Beatnik Vs Hippie
How was the "hippie" movement of the 60s different from the "beatnik" movement of the 50s?
Beatniks, named by Herb Caen in the S.F. Examiner as a parody of Sputnik, were artistic figures living in San Francisco’s North Beach district (they flourished in New York’s Greenwich Village also). Mainly poets and essayists, they were tied together by “Beatitudes” (the origin of the name, Beat Generation), by a non-combative, nonjudgmental attitude, fueled in large part by Eastern religions and philosophies, made available by Allen Watts’ translations of important Eastern literature, by such works as Zen in the Art of Archery and The Kybalion and Kahlil Gibran’s The Prophet . The movement manifested in alternative living as well as in literature; coffee houses (such as the Co-Existent Bagel Shop) and of course book stores (City Lights is still flourishing) were the centers for intellectual debates and introductions to new literature, where chess was played and impromptu speeches were given. Political concerns (this was during the Nixon era) were mainly about international relations, anti-war and anti-nuclear stockpiling, etc. Hippies, on the other hand, were reacting to parental control, sexual freedoms, music (especially the British Invasion), and the dread of a military conscription. They were a half-generation younger that Beatniks, and a decade later, and invaded San Francisco en masse—they were not a product of San Francisco’s artistic ambience, museums, art galleries, etc, but, like a flock of resting birds, found a temporary haven in the community—the Beatniks by then had moved to Eastern and Indian countries. No significant literary or artistic accomplishments are attributed to hippies (unless you count tie-dyed t-shirts.)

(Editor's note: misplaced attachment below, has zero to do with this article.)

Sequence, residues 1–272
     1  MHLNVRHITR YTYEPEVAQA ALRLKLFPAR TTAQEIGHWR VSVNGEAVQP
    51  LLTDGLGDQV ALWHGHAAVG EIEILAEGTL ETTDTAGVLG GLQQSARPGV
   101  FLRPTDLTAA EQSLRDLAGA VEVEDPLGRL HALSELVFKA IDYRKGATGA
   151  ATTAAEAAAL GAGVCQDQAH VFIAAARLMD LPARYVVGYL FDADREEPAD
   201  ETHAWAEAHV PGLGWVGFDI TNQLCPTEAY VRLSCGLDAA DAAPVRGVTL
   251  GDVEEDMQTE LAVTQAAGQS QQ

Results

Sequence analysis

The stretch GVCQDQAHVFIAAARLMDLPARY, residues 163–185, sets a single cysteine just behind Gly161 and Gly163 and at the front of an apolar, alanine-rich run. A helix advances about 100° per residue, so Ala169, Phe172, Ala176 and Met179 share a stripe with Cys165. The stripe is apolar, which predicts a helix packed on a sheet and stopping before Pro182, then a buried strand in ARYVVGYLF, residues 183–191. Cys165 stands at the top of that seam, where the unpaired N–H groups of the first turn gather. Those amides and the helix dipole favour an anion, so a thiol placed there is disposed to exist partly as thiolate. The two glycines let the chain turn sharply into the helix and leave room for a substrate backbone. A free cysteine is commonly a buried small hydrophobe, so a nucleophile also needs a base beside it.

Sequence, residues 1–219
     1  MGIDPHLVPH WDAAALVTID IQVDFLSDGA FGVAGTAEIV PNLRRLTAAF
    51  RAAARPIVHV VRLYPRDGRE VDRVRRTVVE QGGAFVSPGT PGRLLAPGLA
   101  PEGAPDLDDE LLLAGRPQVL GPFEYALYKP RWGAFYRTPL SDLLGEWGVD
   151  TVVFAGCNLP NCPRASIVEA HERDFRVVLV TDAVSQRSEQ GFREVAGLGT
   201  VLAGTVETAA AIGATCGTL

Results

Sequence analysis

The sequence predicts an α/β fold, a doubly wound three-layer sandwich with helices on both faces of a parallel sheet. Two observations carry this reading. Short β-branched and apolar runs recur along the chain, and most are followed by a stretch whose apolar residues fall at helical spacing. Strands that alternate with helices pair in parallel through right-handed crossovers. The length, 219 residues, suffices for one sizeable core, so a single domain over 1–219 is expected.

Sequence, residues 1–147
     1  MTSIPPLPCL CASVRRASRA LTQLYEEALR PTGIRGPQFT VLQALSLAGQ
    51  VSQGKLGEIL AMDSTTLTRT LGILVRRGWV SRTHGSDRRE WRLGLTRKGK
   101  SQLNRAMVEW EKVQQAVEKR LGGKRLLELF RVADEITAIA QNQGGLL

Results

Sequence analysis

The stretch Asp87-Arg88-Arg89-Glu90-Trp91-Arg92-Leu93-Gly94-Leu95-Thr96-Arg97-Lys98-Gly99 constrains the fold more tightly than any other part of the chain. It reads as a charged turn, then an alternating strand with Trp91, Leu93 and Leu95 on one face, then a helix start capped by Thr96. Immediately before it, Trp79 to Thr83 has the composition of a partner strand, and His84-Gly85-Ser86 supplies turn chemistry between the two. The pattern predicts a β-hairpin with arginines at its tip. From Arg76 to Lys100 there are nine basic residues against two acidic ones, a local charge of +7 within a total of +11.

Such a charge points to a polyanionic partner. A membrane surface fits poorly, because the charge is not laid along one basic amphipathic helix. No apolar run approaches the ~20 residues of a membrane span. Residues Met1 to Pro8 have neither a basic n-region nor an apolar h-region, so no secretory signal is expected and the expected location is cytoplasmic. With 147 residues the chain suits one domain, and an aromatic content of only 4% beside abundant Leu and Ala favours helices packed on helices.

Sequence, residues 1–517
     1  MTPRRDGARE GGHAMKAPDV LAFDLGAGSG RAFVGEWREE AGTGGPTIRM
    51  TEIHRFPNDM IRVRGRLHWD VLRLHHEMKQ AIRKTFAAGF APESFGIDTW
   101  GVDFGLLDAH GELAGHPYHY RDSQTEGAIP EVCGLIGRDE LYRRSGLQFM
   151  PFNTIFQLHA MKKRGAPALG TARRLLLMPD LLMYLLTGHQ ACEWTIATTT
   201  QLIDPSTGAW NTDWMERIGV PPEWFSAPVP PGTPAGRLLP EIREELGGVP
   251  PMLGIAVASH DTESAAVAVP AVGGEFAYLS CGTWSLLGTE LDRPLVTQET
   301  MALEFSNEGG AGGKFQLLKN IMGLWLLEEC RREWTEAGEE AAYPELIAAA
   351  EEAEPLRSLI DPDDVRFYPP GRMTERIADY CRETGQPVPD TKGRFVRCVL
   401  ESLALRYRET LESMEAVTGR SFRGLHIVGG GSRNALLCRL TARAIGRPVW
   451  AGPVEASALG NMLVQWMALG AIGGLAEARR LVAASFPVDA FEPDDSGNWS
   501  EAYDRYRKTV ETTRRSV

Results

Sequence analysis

The major difference between the hippies and the beatniks is that the hippies were more aggressively political and public than the beatniks were.
The beatniks were a smaller group that was centered around art and artists. They were typified by poets such as Jack Kerouac and Allen Ginsberg. They did reject the values of contemporary society, but they did so mainly in a sober, quiet way. They did things like wearing black clothes and withdrawing from society in a relatively individual and solitary way.
By contrast, the hippies were "in your face." They wore bright clothes and had a very clear public presence. When they withdrew from society, they did it in communes and groups. Unlike the beats, they were very explicitly political. They felt that they could change the world through their actions in a way that the beats did not.